It’s bragging time again.
I can’t believe it, but it will take an extra five fingers and an extra five toes of a friendly friend to count the yearly span.
But the fact is the column you are now reading culminates the completion of 30 years of freelance writing for The Wellington Advertiser.
Do the math folks, that’s 52 x 30 deadlines that were met, without fail, each and every week. That’s 30 birthdays followed by 30 Christmases, all of which have shadowed the facts covering greater than a third of my life.
Yet, though stressful on occasion, it’s been a relatively fun trip for me during the up and down moods of the seasons of each passing year.
During all of these years I owe the deepest of gratitude to My Little Lady, Eunice Jean Hopkins, my wife, the love of my life, who strongly believed that the Ten Commandments were not multiple choice. Though having passed on to the paradise she strongly believed in, I still feel her presence, standing, as in the past, not behind me, not ahead of me, but firmly by my side.
And to William H. Adsett, founder and publisher of The Wellington Advertiser since March, 1968, who, in August of 1984 said to me, in a tone that lacked enchantment, “Go see Alice.”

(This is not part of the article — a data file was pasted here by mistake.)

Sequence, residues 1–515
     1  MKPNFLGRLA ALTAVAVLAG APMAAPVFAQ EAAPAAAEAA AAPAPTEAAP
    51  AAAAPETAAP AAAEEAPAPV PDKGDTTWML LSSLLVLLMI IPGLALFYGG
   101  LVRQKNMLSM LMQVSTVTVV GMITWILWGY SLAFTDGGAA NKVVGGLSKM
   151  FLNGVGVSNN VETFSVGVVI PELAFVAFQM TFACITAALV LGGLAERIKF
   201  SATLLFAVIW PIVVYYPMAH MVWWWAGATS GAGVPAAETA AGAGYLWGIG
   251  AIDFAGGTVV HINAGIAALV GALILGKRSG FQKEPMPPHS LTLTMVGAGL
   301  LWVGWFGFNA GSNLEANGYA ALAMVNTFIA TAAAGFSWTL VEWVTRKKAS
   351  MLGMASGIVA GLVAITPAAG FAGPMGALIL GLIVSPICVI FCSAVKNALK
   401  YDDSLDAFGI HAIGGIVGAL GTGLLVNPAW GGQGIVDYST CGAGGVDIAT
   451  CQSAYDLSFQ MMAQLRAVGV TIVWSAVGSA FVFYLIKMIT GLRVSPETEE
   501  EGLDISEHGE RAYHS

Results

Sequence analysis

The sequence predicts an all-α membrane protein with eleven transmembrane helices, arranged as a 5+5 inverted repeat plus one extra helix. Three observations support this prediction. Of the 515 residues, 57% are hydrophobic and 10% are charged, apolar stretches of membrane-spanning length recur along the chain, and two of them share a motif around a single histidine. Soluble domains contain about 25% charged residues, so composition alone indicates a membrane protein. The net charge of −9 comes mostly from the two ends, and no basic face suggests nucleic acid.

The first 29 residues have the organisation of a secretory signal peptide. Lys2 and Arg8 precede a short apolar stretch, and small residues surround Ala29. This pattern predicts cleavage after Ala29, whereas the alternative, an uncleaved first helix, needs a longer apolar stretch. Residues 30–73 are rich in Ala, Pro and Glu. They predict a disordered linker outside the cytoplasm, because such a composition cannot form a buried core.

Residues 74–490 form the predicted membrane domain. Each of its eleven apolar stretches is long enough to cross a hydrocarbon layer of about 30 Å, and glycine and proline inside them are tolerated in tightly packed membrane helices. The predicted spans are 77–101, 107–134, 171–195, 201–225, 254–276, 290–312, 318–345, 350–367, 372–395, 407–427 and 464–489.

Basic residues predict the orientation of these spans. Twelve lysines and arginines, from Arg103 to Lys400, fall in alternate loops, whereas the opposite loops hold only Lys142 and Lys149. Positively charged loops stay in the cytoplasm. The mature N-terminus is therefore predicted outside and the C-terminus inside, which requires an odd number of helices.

And too, to multi-talented, over-worked Alice, who accepted the first handful of sample articles, all with pit-run English, phonetic spelling and complete punctuation dysfunction. This was well prior to the magic of computers, spell check and email.
And to all of you readers who spurred me on with letters, phone calls and emails, all in greater numbers as time flew by, encouraging me to keep on writing, writing and writing. Although most of you I would not recognize if you popped up in my cereal bowl, I appreciate your comments. It is your feedback that gives me direction as to what to write about.
You may not know it, but this is the first column that I have ever written on a laptop computer, which I can carry with me anywhere and everywhere I happen to want to wander.
As well, today I received my Ontario photo card in the mail. It is now apparently necessary if you want to get a cell phone, which I am definitely going to do.
This will allow me to tuck the computer under my arm, the phone in my pocket, and with a lunch brown-bagged in my hand, I’ll be able to head back over the hill to our pond area.
There I’ll be able to type my column while listening to the birds sing, the frogs croak, the bees buzz, and the crickets and grasshoppers humming their tunes.
And when the cicada sings its screeching tune, I’ll know that it is definitely warm enough to join the bull frogs and go for a skinny dip to cool off.
Take care, ‘cause we care.